Investigating novel nutrient signaling mechanisms mediated by O-fucosylation and O-GlcNAcylation in plants.

Project: Research project

Project Details


Photosynthetic organisms provide food, energy, shelter, therapeutics, and a large diversity of vital biomolecules that sustain human life. The metabolic processes that produce these products are regulated by complex nutrient signaling pathways that are essential and highly conserved across kingdoms. Instead of being passively absorbed and fed into metabolic pathways, nutrient molecules such as nitrate, sugar, and their derivatives act as signals to regulate nutrient assimilation, metabolism, storage, as well as growth and developmental processes critical for plant productivity and nutritional values.

Two forms of vital sugar metabolites, uridine 5′-diphospho-N-acetylglucosamine (UDPGlcNAc) and guanosine 5′-diphospho-β-L-fucose (GDP-fucose), are used as donor substrates by SECRET AGENT (SEC) and SPINDLY (SPY) respectively. They modify the serine and threonine residues of many nucleocytoplasmic proteins in a reversible and dynamic manner. These two forms of essential post-translational modifications (PTM), known as O-linked-N-acetylglucosaminylation (O-GlcNAcylation) and O-linked fucosylation (O-fucosylation), are believed to represent evolutionarily conserved regulatory mechanisms that modulate protein functions and cellular responses according to energy and nutrient availability. Compromising O-GlcNAcylation and O-fucosylation causes lethality in both animals and plants.

Despite their essential functions, the study of O-GlcNAcylation and O-fucosylation (collectively termed O-glycosylation) in plants is still in its infancy. There is widespread speculation that O-GlcNAcylation and O-fucosylation play a role in metabolic signaling in plants, but there is no direct evidence to support this hypothesis. Our team aims to investigate how O-glycosylation modulates nutrient signaling using Arabidopsis as a model.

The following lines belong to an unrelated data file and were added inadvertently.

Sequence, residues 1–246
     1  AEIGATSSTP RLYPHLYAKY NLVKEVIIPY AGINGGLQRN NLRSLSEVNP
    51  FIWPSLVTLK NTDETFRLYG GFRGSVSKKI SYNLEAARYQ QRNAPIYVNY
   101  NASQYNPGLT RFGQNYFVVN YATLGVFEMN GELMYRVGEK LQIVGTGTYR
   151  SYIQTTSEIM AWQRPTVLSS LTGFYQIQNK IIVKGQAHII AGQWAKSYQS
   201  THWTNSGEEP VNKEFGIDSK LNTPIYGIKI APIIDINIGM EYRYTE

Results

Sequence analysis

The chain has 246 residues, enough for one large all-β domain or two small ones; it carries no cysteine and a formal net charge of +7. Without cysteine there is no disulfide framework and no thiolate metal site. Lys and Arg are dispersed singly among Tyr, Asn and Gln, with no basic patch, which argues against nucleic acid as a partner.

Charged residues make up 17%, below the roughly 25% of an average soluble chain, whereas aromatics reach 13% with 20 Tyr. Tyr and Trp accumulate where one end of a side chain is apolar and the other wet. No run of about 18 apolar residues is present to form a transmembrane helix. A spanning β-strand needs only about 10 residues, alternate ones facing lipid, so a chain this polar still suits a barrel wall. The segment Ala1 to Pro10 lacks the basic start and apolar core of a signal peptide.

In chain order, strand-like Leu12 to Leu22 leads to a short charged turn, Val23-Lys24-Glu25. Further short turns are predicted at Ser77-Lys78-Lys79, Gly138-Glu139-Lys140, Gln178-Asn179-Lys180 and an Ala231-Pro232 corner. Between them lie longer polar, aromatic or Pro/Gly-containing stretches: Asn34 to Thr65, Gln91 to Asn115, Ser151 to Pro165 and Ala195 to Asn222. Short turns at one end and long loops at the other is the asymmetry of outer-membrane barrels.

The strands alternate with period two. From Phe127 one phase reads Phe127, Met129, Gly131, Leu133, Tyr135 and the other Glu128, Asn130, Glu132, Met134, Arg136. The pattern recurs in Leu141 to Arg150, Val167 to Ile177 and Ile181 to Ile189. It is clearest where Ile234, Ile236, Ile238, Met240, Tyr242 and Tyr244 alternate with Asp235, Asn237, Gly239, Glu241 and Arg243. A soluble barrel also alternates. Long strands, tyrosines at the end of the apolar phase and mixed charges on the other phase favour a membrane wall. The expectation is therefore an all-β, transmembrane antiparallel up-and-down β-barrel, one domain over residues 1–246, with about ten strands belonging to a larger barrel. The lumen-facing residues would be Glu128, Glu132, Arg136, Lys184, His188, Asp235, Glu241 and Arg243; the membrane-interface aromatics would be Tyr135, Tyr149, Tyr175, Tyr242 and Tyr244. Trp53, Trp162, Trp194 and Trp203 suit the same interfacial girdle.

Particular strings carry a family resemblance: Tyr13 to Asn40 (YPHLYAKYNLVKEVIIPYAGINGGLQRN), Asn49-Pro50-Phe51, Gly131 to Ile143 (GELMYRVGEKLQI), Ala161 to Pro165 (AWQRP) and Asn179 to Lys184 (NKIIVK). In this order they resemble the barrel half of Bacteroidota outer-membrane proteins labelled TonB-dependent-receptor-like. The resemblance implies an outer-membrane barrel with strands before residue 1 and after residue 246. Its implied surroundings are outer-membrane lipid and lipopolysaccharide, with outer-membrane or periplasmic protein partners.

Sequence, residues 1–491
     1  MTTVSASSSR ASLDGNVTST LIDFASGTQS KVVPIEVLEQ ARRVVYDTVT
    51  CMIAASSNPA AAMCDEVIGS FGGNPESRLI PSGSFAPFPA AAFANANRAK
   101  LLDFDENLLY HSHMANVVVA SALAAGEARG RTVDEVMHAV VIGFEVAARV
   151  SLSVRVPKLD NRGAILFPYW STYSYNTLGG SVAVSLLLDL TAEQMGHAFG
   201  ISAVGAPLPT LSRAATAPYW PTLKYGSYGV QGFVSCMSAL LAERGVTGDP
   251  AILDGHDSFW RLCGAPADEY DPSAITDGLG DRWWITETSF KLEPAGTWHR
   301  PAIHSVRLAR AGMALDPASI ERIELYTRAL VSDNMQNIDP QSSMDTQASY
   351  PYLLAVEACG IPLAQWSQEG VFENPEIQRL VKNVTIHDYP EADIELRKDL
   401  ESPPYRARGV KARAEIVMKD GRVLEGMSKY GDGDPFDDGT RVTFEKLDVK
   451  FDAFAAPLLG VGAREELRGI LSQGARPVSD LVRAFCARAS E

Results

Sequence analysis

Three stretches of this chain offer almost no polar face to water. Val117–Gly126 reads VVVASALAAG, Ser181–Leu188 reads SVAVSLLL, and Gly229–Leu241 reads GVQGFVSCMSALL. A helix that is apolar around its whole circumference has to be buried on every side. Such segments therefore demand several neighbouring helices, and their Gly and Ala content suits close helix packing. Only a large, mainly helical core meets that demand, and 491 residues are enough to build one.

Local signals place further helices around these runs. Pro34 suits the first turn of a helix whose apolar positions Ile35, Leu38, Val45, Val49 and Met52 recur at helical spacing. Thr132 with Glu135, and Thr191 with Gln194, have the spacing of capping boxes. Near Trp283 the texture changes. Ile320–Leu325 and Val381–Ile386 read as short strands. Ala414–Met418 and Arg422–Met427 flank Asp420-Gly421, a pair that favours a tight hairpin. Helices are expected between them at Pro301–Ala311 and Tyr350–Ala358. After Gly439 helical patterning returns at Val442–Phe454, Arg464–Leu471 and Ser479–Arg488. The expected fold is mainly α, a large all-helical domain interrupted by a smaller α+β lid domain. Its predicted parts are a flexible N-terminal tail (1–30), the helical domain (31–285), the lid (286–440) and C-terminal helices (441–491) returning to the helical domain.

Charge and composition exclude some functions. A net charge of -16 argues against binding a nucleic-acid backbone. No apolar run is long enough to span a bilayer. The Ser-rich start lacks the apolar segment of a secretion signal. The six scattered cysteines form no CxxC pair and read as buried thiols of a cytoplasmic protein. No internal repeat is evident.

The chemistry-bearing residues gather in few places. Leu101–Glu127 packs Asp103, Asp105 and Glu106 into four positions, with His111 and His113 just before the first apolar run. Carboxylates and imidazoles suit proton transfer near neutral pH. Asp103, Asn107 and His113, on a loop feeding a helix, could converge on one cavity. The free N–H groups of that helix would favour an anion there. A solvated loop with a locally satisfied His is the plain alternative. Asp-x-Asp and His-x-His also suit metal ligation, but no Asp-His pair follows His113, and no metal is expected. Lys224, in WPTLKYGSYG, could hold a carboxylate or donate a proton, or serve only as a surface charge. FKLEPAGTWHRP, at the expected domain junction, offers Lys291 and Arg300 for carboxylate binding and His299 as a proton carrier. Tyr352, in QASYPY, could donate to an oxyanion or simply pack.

Preliminary results indicate that SPY and SEC play important roles in nitrate signaling and sugar signaling. Proteomic studies done by us show that key transcriptional and translational regulators in nitrate signaling and sugar signaling are O-GlcNAc and Ofucose modified. The proposed project will investigate if and how O-glycosylation of these candidates modulate nitrate and sugar signaling processes, using a combination of proteomics, transcriptomics, genetic, microscopic, and biochemical approaches. We will also screen for other direct and indirect SPY/SEC targets that modulate sugar signaling and perform functional studies. Importantly, we will investigate if and how Oglycosylation serves as a sugar sensor to mediate sugar sensing and growth regulation. Our proposed study will generate novel insight into plant metabolic signaling, providing theoretical basis for genetic engineering to boost crop yield and quality. Notably, OGlcNAcylation is closely related to many diseases and O-fucosylation modulates virulence of parasites. Knowledge gained on the conserved molecular functions of Oglycosylation could also be useful for advancing healthcare.
StatusNot started
Effective start/end date1/01/2531/12/27


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